Either way is healthy

09/07/2012 09:43:00 AM
The Packer Editorial Board

A recent university study found that organic food is no healthier or safer than conventionally grown food.

So what?

While the study made big news in consumer media in early September, produce companies have been careful not to overpromise on organic fresh fruits and vegetables.

They’re grown without synthetic pesticides and are certified by the U.S. Department of Agriculture, and that’s made organic produce one of the strongest growing segments in the produce department.

Give consumers credit.

Organic food has been around for years, and the Organic Trade Association points out that 78% of families at least occasionally buy organic food.

In the 2012 edition of The Packer’s annual Fresh Trends consumer survey, we found that 27% of consumers say they typically buy organic fruits and vegetables, and 12% say they always buy organic.

Organic food is not a trend that will be abandoned by a few bad media reports. It’s a mainstream way to grow and buy food.

Consumers buy organic food for any number of reasons, and if one of them was for perceived health benefits, the study is unlikely to dissuade them from an organic purchase.

In a country fighting obesity, Americans should eat more fresh fruits and vegetables, whether they’re grown conventionally or organically.

Produce marketers should encourage consumers to buy and eat them grown both or either way.

The study concluded that as well.

Did The Packer get it right? Leave a comment and tell us your opinion.



Comments (3) Leave a comment 

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Roger Pelizzari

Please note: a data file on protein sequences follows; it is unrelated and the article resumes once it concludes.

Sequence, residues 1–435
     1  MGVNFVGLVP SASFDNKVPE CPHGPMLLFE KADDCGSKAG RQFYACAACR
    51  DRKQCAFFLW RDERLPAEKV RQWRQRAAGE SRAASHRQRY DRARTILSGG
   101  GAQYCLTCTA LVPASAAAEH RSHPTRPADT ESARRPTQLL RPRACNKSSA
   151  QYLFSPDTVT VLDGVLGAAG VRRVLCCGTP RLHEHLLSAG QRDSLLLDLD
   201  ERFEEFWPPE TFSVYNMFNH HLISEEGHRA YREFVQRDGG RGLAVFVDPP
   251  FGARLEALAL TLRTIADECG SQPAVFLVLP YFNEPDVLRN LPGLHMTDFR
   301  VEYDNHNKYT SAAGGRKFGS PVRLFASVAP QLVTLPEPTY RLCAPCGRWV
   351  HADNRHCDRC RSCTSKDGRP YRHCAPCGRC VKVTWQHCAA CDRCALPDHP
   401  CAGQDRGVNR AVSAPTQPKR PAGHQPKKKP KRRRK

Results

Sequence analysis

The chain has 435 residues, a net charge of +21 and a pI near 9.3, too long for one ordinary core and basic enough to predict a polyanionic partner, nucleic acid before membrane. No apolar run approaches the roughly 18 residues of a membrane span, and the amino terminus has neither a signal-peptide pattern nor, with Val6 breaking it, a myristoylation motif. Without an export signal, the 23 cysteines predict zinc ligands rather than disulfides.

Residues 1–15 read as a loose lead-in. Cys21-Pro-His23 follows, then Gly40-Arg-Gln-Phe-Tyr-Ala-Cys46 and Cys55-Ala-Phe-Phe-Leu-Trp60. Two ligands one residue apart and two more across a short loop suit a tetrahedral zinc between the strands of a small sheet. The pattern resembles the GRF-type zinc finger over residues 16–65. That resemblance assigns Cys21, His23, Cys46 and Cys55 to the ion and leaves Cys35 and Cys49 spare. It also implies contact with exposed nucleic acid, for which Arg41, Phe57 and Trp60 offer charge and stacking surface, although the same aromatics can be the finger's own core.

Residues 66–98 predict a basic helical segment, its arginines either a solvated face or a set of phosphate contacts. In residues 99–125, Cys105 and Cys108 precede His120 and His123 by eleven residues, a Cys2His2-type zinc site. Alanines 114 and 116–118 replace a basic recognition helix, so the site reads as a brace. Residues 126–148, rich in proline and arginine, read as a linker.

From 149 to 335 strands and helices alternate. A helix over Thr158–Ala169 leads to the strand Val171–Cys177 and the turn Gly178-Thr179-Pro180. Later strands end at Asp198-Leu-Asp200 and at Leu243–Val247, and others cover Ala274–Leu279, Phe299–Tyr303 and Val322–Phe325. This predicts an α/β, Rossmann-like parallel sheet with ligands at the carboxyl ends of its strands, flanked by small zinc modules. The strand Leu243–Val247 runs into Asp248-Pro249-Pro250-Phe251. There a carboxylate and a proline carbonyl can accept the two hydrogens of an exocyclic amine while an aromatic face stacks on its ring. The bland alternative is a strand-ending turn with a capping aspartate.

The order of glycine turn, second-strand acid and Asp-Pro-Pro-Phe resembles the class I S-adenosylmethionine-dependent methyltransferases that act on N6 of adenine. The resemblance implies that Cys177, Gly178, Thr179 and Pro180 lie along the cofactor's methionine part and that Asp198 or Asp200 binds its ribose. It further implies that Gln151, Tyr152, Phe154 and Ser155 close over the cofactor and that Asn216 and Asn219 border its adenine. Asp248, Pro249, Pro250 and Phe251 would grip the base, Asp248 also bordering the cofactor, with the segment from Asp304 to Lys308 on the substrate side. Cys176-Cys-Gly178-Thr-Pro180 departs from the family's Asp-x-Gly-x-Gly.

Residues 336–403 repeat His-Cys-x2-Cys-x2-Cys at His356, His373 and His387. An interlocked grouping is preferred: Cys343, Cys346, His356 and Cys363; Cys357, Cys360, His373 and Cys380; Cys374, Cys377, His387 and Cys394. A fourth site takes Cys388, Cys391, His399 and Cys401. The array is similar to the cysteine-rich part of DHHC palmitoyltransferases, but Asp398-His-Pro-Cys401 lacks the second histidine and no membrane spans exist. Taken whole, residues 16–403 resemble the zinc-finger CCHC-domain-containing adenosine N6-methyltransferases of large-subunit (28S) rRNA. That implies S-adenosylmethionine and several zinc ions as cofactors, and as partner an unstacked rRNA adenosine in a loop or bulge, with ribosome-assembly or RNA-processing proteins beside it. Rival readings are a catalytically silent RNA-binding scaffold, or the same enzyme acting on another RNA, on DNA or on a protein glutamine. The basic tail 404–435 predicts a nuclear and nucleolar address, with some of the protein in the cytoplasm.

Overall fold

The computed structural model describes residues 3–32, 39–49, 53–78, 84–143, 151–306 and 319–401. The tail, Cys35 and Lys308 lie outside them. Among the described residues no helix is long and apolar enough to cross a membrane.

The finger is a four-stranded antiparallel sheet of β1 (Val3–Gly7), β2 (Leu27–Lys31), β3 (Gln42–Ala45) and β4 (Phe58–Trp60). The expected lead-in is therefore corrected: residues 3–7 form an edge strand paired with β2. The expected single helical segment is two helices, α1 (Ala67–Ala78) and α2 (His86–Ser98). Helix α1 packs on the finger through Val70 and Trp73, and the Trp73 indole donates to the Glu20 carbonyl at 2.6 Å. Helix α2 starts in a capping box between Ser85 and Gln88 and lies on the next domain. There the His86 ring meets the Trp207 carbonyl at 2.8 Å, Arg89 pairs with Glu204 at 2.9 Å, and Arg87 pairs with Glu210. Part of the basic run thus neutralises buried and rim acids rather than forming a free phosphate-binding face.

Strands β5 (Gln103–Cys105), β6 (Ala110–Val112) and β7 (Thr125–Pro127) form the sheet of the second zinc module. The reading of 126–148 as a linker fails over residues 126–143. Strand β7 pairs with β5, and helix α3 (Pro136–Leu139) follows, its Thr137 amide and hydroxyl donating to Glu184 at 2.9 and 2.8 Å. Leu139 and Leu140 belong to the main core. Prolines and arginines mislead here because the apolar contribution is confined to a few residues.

September, 08, 2012 at 07:02 AM

That Stanford study that everyone's quoting was totally fraudulent. http://www.naturalnews.com/037108_Stanford_Ingram_Olkin_Big_Tobacco.html The study's co-author, Dr. Ingram Olkin, has a deep history as an "anti-science" propagandist working for Big Tobacco. Stanford University has also been found to have deep financial ties to Cargill, a powerful proponent of genetically engineered foods and an enemy of GMO labeling Proposition 37. The following document shows financial ties between Philip Morris and Ingram Olkin http://tobaccodocuments.org/bliley_pm/22205.html Olkin worked with Stanford University to develop a "multivariate" statistical algorithm, which is essentially a way to lie with statistics. This research was a key component in Big Tobacco's use of anti-science to attack whistleblowers and attempt to claim cigarettes are perfectly safe.

Clint Albano    
Muscat, Oman  |  September, 08, 2012 at 10:42 AM

O.K. The Packer. You need the ad revenue from both sides. So you are treading here carefully. But I think you fellows know enough in your heart of hearts that it is the organic side that is the health fraud. Conventional agriculture is not promoting itself as anything particularly healthy other than that eating fruits and vegetables is healthy. No brainer there. If some theoretical totalitarian government of the future were able to decree that organic farming was the only permissiable way to grow crops, as some cranks now probably wish, there would be an ag and environmental disaster of enormous proportion.

Marnie Vyff    
Mountain Lakes, NJ  |  September, 15, 2012 at 04:53 PM

It's funny how there have been a number of "reputable" studies on both sides of this issue. I've always heard to follow the money, and there is A LOT more money for big corporations to lose if organic gets too popular. Then you hear about fixing statistics like the tobacco industry did just to create doubt. That's all they need is a little doubt and they've bought themselves a few more years of multi billion dollar sales. Who cares if its a big part of the global warming problem, doesn't solve world hunger, and is part of why Americans are so sick and reproduction is way down. Follow the money.

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